What is paraphenylenediamine and where is it found?

Paraphenylenediamine (PPD) is a chemical substance that is widely used as a permanent hair dye. It may also been found in textile or fur dyes, dark coloured cosmetics, temporary tattoosphotographic developer and lithography plates, photocopying and printing inks, black rubber, oils, greases and gasoline. The use of PPD as a hair dye is popular because it is a permanent dye that gives a natural look. Hair can also be shampooed without becoming decoloured and perming to achieve waves or curls can be done without difficulty. PPD hair dyes usually come packaged as 2 bottles, one containing the PPD dye preparation and the other containing the developer or oxidizer. PPD is a colourless substance that requires oxygen for it to become coloured. It is this intermediate, partially oxidised state that may cause allergy in sensitive individuals. Fully oxidized PPD is not a sensitiser thus individuals with PPD allergy can wear wigs or fur coats dyed with PPD safely.

What are the reactions to PPD allergy?

Reaction caused by the use of hair dye in mild cases usually only involves dermatitis to the upper eyelids or the rims of the ears. In more severe cases, there may be marked reddening and swelling of the scalp and the face. The eyelids may completely close and the allergic contact dermatitis reaction may become widespread. Severe allergy to PPD can result in contact urticaria and rarely, anaphylaxis. People working with PPD such as hairdressers and film developers may develop dermatitis on their hands; patch testing usually reveals hypersensitivity to PPD. Occupational allergy to PPD has been found in a milk tester whom through laboratory work was in frequent contact with PPD solution. Dermatitis on the hands and occasional spreading to the arms and upper chest occurred. PPD has also been suspected of precipitating contact leukoderma and vitiligo in genetically predisposed individuals.

Contact allergy to p-phenylenediamine

Am I allergic to PPD?

Most hair colour preparations, particularly those containing PPD, carry a warning on the packaging to the effect that a patch test should be done prior to use of the dye. There are basically 2 patch testing methods available to test for allergic sensitivity to PPD.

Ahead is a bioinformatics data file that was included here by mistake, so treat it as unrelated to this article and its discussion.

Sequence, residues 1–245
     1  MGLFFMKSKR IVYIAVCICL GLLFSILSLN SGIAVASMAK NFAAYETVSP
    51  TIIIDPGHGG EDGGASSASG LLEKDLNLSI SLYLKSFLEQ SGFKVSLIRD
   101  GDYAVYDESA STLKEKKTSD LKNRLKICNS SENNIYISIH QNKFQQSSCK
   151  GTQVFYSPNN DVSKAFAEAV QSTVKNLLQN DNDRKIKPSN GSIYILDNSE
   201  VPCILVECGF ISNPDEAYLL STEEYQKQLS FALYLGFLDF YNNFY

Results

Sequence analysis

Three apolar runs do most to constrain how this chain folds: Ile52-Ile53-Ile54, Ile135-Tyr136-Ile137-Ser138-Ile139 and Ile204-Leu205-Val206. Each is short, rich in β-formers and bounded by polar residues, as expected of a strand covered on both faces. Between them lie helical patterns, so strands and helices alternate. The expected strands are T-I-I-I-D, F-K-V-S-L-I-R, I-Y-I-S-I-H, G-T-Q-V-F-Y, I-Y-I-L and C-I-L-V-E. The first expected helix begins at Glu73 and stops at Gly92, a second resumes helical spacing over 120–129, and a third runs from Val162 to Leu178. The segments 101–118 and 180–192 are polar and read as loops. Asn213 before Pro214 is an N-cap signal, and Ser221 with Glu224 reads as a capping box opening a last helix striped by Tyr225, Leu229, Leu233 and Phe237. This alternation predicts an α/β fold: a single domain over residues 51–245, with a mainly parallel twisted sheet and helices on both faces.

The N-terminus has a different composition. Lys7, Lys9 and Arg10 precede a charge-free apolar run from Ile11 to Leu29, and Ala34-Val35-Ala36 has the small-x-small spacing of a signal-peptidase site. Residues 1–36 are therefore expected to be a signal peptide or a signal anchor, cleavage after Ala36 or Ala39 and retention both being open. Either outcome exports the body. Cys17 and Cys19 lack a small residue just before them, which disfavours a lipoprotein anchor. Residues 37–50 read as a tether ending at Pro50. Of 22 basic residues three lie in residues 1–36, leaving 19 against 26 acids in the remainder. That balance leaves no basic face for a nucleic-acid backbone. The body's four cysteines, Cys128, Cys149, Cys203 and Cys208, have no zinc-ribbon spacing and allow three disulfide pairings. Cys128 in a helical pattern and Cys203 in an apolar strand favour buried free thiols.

Patch test method 1: uncovered Patch test method 2: covered

  • Routine technique used by consumers for testing hair dye sensitivity
  • Instructions for testing should be included with every package of hair dye preparation
  • Essentially the test involves applying a 20 cent sized spot of solution (i.e. dye and developer mixed together) to either the neck (behind the ear) or the inner bend of the elbow. Allow to dry and leave uncovered for 48-72 hours. If no irritation or rash occurs during this time then the test is negative and one can assume that the risk of developing a rash will be much less when the dye is applied to the whole head.
  • Any immediate signs of irritation or rash are more likely to be an irritant contact dermatitis (i.e. nonallergic)
  • A 1+ to 2+ reaction (scale measuring PPD sensitivity) to PPD hair dye usually indicates that dermatitis will develop if the mixture is used
  • Diagnostic test used to determine PPD sensitivity
  • Patch testing using 2% PPD in petrolatum
  • A +/- reaction (scale measuring PPD sensitivity) to this patch test method usually means that these individuals can use PPD hair dyes without difficulty
  • A 1+ to 3+ reaction indicates allergic dermatitis will most likely occur with use of hair dyes thus preventing their use • Positive reaction from both methods provides confirmation that PPD is the cause of dermatitis and PPD containing products should be avoided
    Treatment of PPD dermatitis

In acute severe cases of PPD hair dye dermatitis, wash the hair and scalp thoroughly with a mild soap or soapless shampoo to remove the excess dye. Apply a 2% hydrogen peroxide solution or compresses of potassium permanganate in a 1:5000 dilution to completely oxidise the PPD. To soothe, soften the crust and alleviate the tight feeling of the scalp, a wet dressing of cold olive oil and lime may be used. Further treatment with a topical application of an emulsion of water and water-miscible corticosteroid cream, or oral corticosteroids may be indicated. Management of PPD dermatitis on other parts of the body may be treated as for any acute dermatitis/eczema; this may include treatment with topical corticosteroids and emollients.

What should I do to avoid PPD allergy?